The Torah tells us that unity of the Jewish people was a prerequisite for the revelation at Mount Sinai. The verse describes the encampment of the Jews by the mountain, united as “one person with one heart.”

It all starts with the realization that while Jews many be different from one another, we are all one family. We are part of the same unit, connected at the core, sharing the goal of Tikkun Olam, making the world a better place.

The upcoming holiday of Shavuot celebrates the giving of Torah at Mount Sinai. Now is an ideal time to work on attaining this consciousness and unite as a people.

Let’s make Donny’s question no longer a question.

Click here to read more inspiring articles on Shavuot.

June 4, 2016

Give Tzedakah! Help Aish.com create inspiring
articles, videos and blogs featuring timeless Jewish wisdom.
The opinions expressed in the comment section are the personal views of the commenters. Comments are moderated, so please keep it civil.

Visitor Comments: 11

(9) Jerry, February 16, 2017 11:05 PM

ya gotta believe!

After passing my Army physical, we were all in a large room.From there we were separated according to religion.I was put in a room with 50 other soldiers.Inside, a colonel addressed us, saying, when you come across a fellow Jew, try to be helpful,..& you will be rewarded.
I did, & I was rewarded,"what comes around, goes around"!
Korean veteran

(8) Lawrence Greenberg, June 9, 2016 4:28 PM

So look who can speak Yiddish!

My mother grew up speaking Yiddish at home, and in fact knew not a word of English until she was six years old.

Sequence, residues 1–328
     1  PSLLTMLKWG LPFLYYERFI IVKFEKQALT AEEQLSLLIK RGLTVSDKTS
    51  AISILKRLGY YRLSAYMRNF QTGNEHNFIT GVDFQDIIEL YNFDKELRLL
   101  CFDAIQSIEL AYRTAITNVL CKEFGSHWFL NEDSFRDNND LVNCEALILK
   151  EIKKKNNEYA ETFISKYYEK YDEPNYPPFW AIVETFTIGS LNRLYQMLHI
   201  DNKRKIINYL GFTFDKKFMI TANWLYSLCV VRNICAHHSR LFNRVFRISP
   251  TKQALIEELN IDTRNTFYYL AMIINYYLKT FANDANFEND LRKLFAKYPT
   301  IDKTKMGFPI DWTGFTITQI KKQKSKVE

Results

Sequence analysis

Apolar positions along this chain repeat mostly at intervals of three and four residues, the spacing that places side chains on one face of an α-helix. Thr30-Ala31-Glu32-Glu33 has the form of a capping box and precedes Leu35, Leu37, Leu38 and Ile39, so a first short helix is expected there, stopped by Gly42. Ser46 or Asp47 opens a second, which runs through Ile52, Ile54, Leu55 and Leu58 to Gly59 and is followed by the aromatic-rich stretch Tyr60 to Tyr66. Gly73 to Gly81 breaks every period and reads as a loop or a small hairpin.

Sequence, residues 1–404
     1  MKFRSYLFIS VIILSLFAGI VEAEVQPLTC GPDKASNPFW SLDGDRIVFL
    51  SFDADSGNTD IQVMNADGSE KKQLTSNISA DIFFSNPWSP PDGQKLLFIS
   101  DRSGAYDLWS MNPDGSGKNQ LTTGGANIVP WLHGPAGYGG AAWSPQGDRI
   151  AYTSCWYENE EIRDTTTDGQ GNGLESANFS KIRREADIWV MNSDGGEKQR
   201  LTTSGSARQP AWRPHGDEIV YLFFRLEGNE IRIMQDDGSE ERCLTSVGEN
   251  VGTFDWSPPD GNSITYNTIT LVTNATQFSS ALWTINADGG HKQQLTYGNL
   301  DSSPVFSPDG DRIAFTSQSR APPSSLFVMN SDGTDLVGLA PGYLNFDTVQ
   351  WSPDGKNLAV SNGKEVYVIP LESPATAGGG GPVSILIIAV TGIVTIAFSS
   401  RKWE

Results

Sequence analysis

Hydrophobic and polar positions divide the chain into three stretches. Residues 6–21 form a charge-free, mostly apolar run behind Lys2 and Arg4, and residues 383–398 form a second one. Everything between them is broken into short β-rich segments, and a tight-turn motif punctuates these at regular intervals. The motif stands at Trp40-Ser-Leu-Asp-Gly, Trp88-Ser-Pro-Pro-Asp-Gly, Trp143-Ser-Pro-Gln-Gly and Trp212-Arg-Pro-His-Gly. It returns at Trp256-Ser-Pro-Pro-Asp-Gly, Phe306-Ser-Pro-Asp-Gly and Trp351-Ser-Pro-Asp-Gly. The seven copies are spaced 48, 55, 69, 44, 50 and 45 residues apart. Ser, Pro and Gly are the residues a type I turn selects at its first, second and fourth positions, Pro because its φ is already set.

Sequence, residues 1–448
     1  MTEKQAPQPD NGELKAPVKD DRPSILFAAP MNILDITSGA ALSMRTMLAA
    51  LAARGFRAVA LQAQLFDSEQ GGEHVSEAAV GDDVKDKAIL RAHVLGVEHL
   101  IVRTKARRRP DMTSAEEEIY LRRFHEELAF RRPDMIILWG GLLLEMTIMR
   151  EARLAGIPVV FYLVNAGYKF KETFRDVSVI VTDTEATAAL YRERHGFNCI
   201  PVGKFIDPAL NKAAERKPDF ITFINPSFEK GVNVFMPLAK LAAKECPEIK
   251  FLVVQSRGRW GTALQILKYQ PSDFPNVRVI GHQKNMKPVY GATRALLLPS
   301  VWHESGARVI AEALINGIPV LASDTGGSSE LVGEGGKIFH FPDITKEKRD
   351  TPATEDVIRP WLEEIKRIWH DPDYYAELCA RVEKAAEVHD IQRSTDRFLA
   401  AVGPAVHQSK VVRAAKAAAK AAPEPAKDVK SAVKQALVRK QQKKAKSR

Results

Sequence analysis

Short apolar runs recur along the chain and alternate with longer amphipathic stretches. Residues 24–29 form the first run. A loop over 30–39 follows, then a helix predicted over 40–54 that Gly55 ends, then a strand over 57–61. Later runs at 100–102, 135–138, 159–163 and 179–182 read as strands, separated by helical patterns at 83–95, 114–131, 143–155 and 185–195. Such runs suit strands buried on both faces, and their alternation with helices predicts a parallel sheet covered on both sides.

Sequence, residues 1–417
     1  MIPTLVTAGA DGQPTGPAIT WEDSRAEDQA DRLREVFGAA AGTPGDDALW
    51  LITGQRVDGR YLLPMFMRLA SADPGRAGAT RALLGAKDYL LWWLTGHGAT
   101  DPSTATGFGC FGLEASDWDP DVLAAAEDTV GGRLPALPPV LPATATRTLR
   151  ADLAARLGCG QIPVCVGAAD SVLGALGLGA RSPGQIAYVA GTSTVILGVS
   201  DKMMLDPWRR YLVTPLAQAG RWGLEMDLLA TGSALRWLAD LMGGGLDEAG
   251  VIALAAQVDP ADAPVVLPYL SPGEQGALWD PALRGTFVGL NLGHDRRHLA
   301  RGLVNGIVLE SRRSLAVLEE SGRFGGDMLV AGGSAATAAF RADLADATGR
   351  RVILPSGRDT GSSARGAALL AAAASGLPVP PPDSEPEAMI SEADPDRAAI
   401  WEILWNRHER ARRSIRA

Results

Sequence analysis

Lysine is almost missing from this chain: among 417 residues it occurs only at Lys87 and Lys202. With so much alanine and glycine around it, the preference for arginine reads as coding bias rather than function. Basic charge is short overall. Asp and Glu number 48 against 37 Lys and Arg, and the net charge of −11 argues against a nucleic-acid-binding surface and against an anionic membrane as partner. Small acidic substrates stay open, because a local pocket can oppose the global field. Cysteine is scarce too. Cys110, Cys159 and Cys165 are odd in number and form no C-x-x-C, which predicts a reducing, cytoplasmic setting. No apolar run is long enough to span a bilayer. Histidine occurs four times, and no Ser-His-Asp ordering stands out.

A good many years ago, my mother worked for a beer distributor in Nassau County (Long Island). The single largest seller by volume was Schmidt's (of Philadelphia). The company rep was named John Rillo, who was as Italian as anyone you have ever met, and a perfect old-fashioned gentleman.

One day, my mother was on the phone, speaking in Yiddish with one of her cousins. Mr. Rillo was nearby, waiting for my mother to get off the phone. When she did, he said something which alluded to part of her conversation, indicating very clearly that he had understood what she was saying. She was surprised, to say the least. So they got to talking about it. By sheer chance, Mr. Rillo grew up in an Italian neighborhood adjacent to a Jewish neighborhood in Philadelphia where, you guessed it, he learned to speak fluen

(7) Yael, June 8, 2016 8:14 PM

Beautiful message and story! Rabbi Greene--we are lucky to benefit from your wisdom now in the writing arena. Keep spreading your amazing light onto the world!

(6) Esther, June 7, 2016 8:05 PM

not what's missing

Our Yiddishe Kup is just as sharp as ever. It's our Yiddishe Heart that needs to be woken up.

(5) Anonymous, June 7, 2016 6:42 PM

Mishpacha

See All Comments

Submit Your Comment:

  • Display my name?

  • Your email address is kept private. Our editor needs it in case we have a question about your comment.


  • * required field 2000
Submit Comment
stub